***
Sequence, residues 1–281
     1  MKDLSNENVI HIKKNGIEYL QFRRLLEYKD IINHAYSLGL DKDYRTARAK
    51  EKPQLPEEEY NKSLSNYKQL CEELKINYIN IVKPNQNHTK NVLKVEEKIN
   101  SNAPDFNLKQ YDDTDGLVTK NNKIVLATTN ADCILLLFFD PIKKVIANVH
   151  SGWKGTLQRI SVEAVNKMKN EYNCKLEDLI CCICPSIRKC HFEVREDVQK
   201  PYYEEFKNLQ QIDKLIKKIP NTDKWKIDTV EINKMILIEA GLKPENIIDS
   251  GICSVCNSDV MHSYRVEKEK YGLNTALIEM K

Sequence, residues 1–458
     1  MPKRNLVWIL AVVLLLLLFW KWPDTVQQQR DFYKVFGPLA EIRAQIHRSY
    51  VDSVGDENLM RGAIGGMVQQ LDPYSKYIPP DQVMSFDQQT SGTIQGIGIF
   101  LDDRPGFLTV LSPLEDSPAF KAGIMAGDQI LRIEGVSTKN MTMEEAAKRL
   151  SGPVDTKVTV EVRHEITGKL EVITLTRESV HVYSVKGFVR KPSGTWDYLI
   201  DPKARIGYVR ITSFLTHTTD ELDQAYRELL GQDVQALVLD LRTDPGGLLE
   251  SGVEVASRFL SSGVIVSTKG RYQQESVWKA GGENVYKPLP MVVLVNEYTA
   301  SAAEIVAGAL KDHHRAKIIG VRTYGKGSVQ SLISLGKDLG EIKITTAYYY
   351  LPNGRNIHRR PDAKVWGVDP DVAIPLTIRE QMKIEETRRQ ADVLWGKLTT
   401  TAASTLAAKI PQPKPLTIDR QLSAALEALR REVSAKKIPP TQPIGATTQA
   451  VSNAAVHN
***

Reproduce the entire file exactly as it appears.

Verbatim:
Sequence, residues 1–281
     1  MKDLSNENVI HIKKNGIEYL QFRRLLEYKD IINHAYSLGL DKDYRTARAK
    51  EKPQLPEEEY NKSLSNYKQL CEELKINYIN IVKPNQNHTK NVLKVEEKIN
   101  SNAPDFNLKQ YDDTDGLVTK NNKIVLATTN ADCILLLFFD PIKKVIANVH
   151  SGWKGTLQRI SVEAVNKMKN EYNCKLEDLI CCICPSIRKC HFEVREDVQK
   201  PYYEEFKNLQ QIDKLIKKIP NTDKWKIDTV EINKMILIEA GLKPENIIDS
   251  GICSVCNSDV MHSYRVEKEK YGLNTALIEM K

Sequence, residues 1–458
     1  MPKRNLVWIL AVVLLLLLFW KWPDTVQQQR DFYKVFGPLA EIRAQIHRSY
    51  VDSVGDENLM RGAIGGMVQQ LDPYSKYIPP DQVMSFDQQT SGTIQGIGIF
   101  LDDRPGFLTV LSPLEDSPAF KAGIMAGDQI LRIEGVSTKN MTMEEAAKRL
   151  SGPVDTKVTV EVRHEITGKL EVITLTRESV HVYSVKGFVR KPSGTWDYLI
   201  DPKARIGYVR ITSFLTHTTD ELDQAYRELL GQDVQALVLD LRTDPGGLLE
   251  SGVEVASRFL SSGVIVSTKG RYQQESVWKA GGENVYKPLP MVVLVNEYTA
   301  SAAEIVAGAL KDHHRAKIIG VRTYGKGSVQ SLISLGKDLG EIKITTAYYY
   351  LPNGRNIHRR PDAKVWGVDP DVAIPLTIRE QMKIEETRRQ ADVLWGKLTT
   401  TAASTLAAKI PQPKPLTIDR QLSAALEALR REVSAKKIPP TQPIGATTQA
   451  VSNAAVHN